A fleeting idea about health care reform.

The better half and I were trying to decide this morning whether there was a way to follow the progress of "health care reform" in the U.S. Senate without getting really mad or really sad. (Conclusion: It seems logically possible that such a way exists, but we haven't found it yet.)

The one player that seems likely to get much of what it wants in all this seems to be the insurance industry. Given that the folks working out who gets what are politicians, this does not surprise me.

So it occurred to me that maybe we shouldn't be trusting politicians to achieve health care reform.

Instead maybe we need to mobilize a generation of new college graduates to get jobs with the health insurance industry and take 'em down from the inside.

Surely our young people are up to the challenge!

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The better half and I were trying to decide this morning whether there was a way to follow the progress of "health care reform" in the U.S. Senate without getting really mad or really sad.

I have been wrestling with this for days. Earlier, I was enough into the process that I could easily handle it emotionally. Now, it is like watching someone die.

Your method is something we should do, but that will take about 15 years and while we should do what you suggest, we need something more immediate!

Also, how does one deal with the disconnect between the popular movement against health care and the insurance industry. I know the latter have arranged for and funded the former, but the teabaggers are for real, and are not going away soon.

Instead maybe we need to mobilize a generation of new college graduates to get jobs with the health insurance industry and take 'em down from the inside.

Indeed, that's a tried-and-true method. Consider, for instance, how the idealistic Boomers of the 60s went on to reform business and politics.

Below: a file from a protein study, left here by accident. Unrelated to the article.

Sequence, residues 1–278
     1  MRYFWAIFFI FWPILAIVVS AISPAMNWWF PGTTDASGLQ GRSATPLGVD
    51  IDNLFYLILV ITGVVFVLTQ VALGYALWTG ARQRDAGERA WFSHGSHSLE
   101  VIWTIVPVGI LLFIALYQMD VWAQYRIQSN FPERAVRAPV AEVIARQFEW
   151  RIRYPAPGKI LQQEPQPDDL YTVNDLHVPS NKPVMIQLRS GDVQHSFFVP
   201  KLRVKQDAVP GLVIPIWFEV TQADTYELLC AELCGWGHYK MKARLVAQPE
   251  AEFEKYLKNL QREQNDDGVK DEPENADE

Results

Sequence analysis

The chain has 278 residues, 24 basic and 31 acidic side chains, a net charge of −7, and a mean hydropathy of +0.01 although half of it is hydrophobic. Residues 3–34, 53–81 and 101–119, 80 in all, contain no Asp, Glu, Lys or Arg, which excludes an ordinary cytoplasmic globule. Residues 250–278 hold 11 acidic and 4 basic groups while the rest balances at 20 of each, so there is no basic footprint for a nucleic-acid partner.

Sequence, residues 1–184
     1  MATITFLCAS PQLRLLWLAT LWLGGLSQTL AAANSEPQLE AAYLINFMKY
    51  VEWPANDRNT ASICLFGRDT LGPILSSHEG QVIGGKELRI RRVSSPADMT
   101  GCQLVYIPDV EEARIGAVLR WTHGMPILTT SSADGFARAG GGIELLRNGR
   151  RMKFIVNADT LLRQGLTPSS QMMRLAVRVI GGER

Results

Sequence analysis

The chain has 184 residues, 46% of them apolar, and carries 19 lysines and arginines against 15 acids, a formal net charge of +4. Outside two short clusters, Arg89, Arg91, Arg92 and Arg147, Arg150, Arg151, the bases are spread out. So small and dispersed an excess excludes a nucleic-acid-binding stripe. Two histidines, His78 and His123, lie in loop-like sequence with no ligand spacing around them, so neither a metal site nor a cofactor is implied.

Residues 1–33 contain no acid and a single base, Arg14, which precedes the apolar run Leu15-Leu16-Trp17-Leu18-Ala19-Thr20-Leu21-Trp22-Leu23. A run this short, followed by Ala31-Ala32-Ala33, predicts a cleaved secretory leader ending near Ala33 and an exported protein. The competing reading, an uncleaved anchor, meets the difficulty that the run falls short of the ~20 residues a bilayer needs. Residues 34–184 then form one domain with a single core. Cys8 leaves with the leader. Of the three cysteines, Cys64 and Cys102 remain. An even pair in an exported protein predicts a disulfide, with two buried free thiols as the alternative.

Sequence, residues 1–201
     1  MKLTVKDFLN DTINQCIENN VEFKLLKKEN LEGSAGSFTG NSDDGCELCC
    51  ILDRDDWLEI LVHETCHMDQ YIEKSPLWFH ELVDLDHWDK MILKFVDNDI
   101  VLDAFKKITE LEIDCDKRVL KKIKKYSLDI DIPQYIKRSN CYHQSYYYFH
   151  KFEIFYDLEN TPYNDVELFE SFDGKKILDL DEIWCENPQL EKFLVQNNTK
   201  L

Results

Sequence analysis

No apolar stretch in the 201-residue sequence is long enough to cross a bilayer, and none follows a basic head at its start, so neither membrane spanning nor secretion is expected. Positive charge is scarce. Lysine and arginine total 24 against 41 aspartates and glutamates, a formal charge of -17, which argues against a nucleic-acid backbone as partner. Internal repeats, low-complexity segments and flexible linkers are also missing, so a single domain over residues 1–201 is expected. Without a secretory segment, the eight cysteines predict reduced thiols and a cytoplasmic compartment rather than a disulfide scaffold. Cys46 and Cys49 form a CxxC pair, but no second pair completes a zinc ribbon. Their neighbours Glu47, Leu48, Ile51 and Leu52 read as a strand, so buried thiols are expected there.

By D. C. Sessions (not verified) on 19 Dec 2009 #permalink

When I was a youngster, maybe around 1948, I was reading a LOOK magazine. There was an article about the twelve richest men in America. Eight of the twelve made all or part of their fortunes in insurance. So we have a long established, proficient, and successful opponent.

One thing which is different today, compared to 1948, is that the majority of college graduates are female. This has been true since the mid 1980's. It is true today, or soon will be, that the majority of degreed people in the USA will be female. How is this going to change the landscape?

By Jim Thomerson (not verified) on 19 Dec 2009 #permalink

One thing which is different today, compared to 1948, is that the majority of college graduates are female. This has been true since the mid 1980's. It is true today, or soon will be, that the majority of degreed people in the USA will be female. How is this going to change the landscape?

Are you hoping that a University education makes more of a difference to women than men in terms of resisting PR manipulation?

By D. C. Sessions (not verified) on 20 Dec 2009 #permalink

Perhaps if we were to organize large busloads of people who need medical attention and do large scale trips to Mexico and Canada where it is more affordable to seek treatment...
Nah, I'm sure the press would just ignore such things.

It is too bad that we can't tell the intent of politicians by their words during the election cycle. It could be useful to disallow campaign contributions and lobbying efforts from corporate interests. Other than that I just don't know.